1. What is Autism?
Autism is a complex neurological disorder that affects an individual’s development throughout their life. It is a spectrum disorder with symptoms ranging from mild to severe. Autism spectrum disorders (ASDs) include Autism, Asperger Syndrome, Rhett’s Disorder, Childhood Disintegrative Disorder, and PDD-NOS. ASD is characterized by significant impairments in three core areas: social interaction, communication, and repetitive, stereotyped, and restricted behaviors.
2. What Causes Autism?
The exact causes of autism have not been identified. Autism is a brain disorder, present from birth, which affects the way the brain uses information. Recent research has identified some genetic markers for autism, though the exact role of these markers is not fully understood. Some research suggests a physical problem affecting those parts of the brain that process language and information coming in from the senses. There may be some imbalance of certain chemicals in the brain. Autism may indeed result from a combination of several “causes” both biological and environmental.
3. Who is Affected by Autism?
Autism is one of the four most common developmental disabilities and is the fastest-growing serious developmental disability in the U.S. It occurs in 1 of 150 births. Autism is four times more likely to occur in boys than girls. Autism is distributed throughout the world among all races, nationalities, and social classes. It usually appears in the first 3 years of life.
4. How is Autism Diagnosed?
There is no single tool or test for diagnosing autism. A diagnosis can be made by any clinician (psychologist, SLP, psychiatrist, neurologist) whose scope of practice allows him or her to make a clinical diagnosis. Diagnosis is best done by a team of professionals, including a developmental pediatrician, psychologist, speech-language pathologist, in some cases social worker, and occupational therapist.
5. How Severe are Behavior Problems in People with Autism?
In autism, behavior problems range from very severe to mild. Severe behavior problems take the form of highly unusual, aggressive, and in some cases, even self-injurious behavior. These behaviors may persist and be difficult to change. In its mild form, autism resembles a learning disability. Usually, however, even people who are only mildly affected are substantially handicapped due to deficits in the areas of communication and socialization.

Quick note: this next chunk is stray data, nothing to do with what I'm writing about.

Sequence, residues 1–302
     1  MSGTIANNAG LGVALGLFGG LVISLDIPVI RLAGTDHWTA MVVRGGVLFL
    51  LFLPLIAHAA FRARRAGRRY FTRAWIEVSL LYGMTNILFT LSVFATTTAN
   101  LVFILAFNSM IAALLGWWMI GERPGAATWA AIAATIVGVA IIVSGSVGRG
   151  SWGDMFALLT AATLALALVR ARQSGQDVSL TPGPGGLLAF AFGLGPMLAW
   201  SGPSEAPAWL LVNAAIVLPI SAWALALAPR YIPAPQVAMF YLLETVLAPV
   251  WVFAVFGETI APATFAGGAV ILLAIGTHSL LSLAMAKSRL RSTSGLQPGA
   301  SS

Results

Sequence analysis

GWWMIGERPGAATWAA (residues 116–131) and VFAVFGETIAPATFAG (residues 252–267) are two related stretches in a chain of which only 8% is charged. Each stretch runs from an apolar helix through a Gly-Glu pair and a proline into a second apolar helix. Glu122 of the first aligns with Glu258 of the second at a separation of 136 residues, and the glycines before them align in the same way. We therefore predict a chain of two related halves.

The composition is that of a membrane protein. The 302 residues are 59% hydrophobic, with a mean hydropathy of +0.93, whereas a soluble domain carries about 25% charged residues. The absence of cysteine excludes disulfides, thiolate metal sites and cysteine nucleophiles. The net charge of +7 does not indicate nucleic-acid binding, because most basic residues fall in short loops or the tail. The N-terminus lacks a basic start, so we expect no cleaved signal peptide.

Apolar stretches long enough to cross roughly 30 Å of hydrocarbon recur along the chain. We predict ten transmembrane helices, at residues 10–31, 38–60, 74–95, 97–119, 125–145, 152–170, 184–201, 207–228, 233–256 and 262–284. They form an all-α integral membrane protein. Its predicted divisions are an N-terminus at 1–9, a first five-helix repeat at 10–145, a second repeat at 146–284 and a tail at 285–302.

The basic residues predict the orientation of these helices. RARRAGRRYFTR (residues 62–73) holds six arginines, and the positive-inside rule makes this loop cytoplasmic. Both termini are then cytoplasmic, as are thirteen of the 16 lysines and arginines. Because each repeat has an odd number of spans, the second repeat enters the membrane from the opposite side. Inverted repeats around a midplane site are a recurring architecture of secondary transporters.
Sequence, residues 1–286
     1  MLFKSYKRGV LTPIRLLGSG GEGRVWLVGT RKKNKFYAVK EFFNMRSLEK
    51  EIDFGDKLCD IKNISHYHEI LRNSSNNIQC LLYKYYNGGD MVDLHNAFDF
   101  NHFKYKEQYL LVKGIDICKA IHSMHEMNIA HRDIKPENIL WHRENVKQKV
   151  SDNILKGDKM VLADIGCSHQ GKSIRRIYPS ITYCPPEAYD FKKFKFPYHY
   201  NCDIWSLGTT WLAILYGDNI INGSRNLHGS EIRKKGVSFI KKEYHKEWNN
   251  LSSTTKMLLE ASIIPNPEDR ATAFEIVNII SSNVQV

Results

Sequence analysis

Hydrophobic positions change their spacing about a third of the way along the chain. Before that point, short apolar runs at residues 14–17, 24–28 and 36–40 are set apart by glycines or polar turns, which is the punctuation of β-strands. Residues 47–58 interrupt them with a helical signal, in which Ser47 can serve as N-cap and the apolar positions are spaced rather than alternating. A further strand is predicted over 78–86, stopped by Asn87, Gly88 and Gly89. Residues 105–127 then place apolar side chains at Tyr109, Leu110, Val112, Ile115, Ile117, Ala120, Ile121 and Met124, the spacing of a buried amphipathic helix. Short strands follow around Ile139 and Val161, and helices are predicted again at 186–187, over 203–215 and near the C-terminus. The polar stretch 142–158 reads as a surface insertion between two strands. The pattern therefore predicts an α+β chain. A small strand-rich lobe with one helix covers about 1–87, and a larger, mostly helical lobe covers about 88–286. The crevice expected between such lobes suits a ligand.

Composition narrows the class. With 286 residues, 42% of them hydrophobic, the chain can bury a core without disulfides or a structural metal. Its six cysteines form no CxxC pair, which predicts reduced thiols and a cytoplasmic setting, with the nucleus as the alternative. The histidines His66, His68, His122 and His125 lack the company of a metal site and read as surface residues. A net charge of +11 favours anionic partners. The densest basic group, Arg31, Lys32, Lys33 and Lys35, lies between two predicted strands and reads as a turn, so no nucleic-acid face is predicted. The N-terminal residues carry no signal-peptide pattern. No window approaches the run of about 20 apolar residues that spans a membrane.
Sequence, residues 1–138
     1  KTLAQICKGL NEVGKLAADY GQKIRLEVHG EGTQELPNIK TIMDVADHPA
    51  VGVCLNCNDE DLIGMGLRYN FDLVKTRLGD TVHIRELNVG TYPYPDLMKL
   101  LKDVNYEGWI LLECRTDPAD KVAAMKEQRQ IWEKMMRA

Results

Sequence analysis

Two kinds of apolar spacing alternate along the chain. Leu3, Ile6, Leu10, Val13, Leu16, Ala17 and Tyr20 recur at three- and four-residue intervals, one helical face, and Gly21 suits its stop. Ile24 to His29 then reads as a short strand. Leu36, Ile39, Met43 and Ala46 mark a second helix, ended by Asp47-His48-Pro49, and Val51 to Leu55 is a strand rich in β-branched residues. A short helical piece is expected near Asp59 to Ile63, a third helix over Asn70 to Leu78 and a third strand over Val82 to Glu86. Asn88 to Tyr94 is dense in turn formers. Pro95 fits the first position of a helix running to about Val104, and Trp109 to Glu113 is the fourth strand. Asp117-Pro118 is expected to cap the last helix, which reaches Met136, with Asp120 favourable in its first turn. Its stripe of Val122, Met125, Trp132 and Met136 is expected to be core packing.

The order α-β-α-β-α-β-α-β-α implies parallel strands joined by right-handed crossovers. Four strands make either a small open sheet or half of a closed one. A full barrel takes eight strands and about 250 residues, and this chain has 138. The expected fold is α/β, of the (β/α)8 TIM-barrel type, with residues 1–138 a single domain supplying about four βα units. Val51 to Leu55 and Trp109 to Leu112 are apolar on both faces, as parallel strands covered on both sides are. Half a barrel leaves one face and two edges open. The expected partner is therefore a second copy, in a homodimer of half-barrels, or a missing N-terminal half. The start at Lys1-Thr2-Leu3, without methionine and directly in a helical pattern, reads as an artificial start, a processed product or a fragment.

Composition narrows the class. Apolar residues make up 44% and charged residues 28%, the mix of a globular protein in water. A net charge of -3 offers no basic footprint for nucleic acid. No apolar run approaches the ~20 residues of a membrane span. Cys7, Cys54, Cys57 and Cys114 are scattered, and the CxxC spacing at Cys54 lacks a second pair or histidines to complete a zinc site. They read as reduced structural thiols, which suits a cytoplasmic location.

6. What is the Difference between Autism and Mental Retardation?
Autism occurs by itself or in conjunction with other disorders, such as mental retardation. Most people with autism (80%) also have mental retardation ranging from mild to severe. Individuals with only mental retardation show relatively even skill development, while persons with autism typically show uneven skill development with deficits in certain area (most frequently in their ability to communicate and relate to others) and distinct skills in other areas. Strengths are often seen in auditory memory or ability to do visual processing tasks such as puzzles or matching games.
7. What is the Difference between Autism and Pervasive Development Disorder?
The term Pervasive Development Disorder has been used recently by professionals to describe children who have the symptoms of autism either to a mild degree, or display fewer symptoms, but do not show the “classic” form. In the past these children might have been described as having autistic features, residual autism, or being autistic-like. A “pervasive” disorder means it affects all areas of functioning, not just one, as in a language disorder or mental retardation.
8. Can People with Autism be Helped?
Yes, autism is treatable. Studies show that all people who have autism can improve significantly with proper instruction. Many individuals with autism eventually become more responsive to others as they learn to understand the world around them.
9. How Can Persons with Autism Learn Best?
With specifically trained teachers, using structured programs that emphasize individual instruction, persons with autism can learn o function at home and in the community. The technique that has helped many is behavior modification, in which, with systematic analysis of behavior and consistent reinforcement, children learn to care for their own needs, behave in more sociable ways and acquire enough skills to lead a productive life.